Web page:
EyeforTravel North America 2018

October 2018, Las Vegas

Understand how data, digital and partnerships can make your marketing work again

3 counterintuitive ways to drive smart travel conversions

A new free EyeforTravel whitepaper finds that small steps, like changing the colour of a call-to-action or the wording behind ancillary sales, can provide a much-needed boost to conversions

For almost every travel brand, the marketing and sales funnel is notoriously porous. Fickle consumers are known to hop from one site to another in the planning phase, and low numbers ultimately deliver those all-important bookings.

Pushing up conversion rates isn’t straightforward either, finds EyeforTravel’s free Converting the Customer report, which is free to download, and includes insights from Booking.com, Eurail, Holiday Pirates and more.

Against this backdrop, the report finds that travel brands are discovering that driving up conversions requires counterintuitive design and a smart approach to testing. Going further, it highlights that success will depend on designers, webmasters and analysts taking a journey into the sometimes illogical and counterintuitive world of marketing and sales psychology.

3 tips for being more counterintuitive

1. Have a strong base and test thoroughly, including your own opinions!

Understanding what does and doesn’t work all starts with a strong base in thorough testing. According to Steven Consiglio, product performance manager at Booking.com, the world’s biggest OTA, it’s not enough to have just one version of a site on trial. There needs to be “countless, ever-present” different versions of the site, while at the same time using A/B testing to measure the success rate of one version against another.

“Most of the concrete opinions we’ve brought to the table have been wrong. In terms of hypotheses, we do worse than a coin flip on things that we feel will improve the guest experience,” Consiglio says.

This clearly highlights the importance of a testing culture!

2. Make small changes for big impact

Sometimes it’s seemingly nonsensical changes that add up. For example, Booking.com added a shadow to a search box and conversions increased. This, says Consiglio, is just one of hundreds of examples that don’t at first glance make sense.

Sam Nazari, head of solutions engineering at Sentient Technologies agrees that small changes can make a difference but trying to second guess which ones or why is borderline impossible.

“One of our clients decided to reverse the payment and address fields. So instead of the customer filling out the address and the payment field, let them start with the payments and then the address field. We don’t necessarily know why, but our AI told us that the variation is a top performer,” he explains.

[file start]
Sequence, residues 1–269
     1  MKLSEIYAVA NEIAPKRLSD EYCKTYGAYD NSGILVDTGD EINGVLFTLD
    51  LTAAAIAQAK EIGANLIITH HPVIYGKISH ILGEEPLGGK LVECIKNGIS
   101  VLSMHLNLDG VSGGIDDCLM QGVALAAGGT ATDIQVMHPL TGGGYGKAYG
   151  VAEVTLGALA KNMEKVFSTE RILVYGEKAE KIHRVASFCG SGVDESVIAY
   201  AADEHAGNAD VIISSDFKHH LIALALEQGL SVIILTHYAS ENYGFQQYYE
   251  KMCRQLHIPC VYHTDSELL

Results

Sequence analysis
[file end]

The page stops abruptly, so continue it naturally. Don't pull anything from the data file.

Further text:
Interestingly, it can even pay to create an ugly website!

“Abub Media tested very odd colours, and non-obvious combinations actually proved to be the best performing design. So, a pink background and perform widget, a white call to action with black text and a lime green banner was a top performer. They call it the ugly widget creator! We generated that design, and it was a 45% lift [in bookings].”

3. Rethink your product choice and menu placement

Product choices and menus are also a place where travel brands need to apply testing and psychological know-how. Normally, putting more product choices and steps before the final checkout leads to noticeable drop out at each stage and reduces conversion and revenues. However, by optimising the choice presented to the consumer, there are times when the opposite holds true.

Take easyJet for example, which introduced new baggage options in 2018, offering consumers the choice of checking in hold bags of up 15kg, 23kg or 32kg. At first glance, this could appear to be more confusing for the consumer than anything else. However, through site optimisation, menu design, and some clever psychological pricing, this is paying off.

While the jump from a 15kg hold bag to a 23kg hold bag is just few pounds or euros, anything over 23kg is charged at £12/kg. This is a classic pricing trick that makes the consumer assume the middle option is the best value; the 15kg option acts as an anchor price to emphasise the value of the 23kg hold bag. 

To learn more about how to drive up your conversion rates and revenues download the new Converting the Customer report now by clicking here. The report includes findings on:

  • How to measure and understand intent to purchase
  • What content and marketing will drive up conversions
  • How to retarget and remarket in a way that brings customers back
  • How to use different channels effectively
  • Why social proof is critical and how it can dramatically raise revenues.

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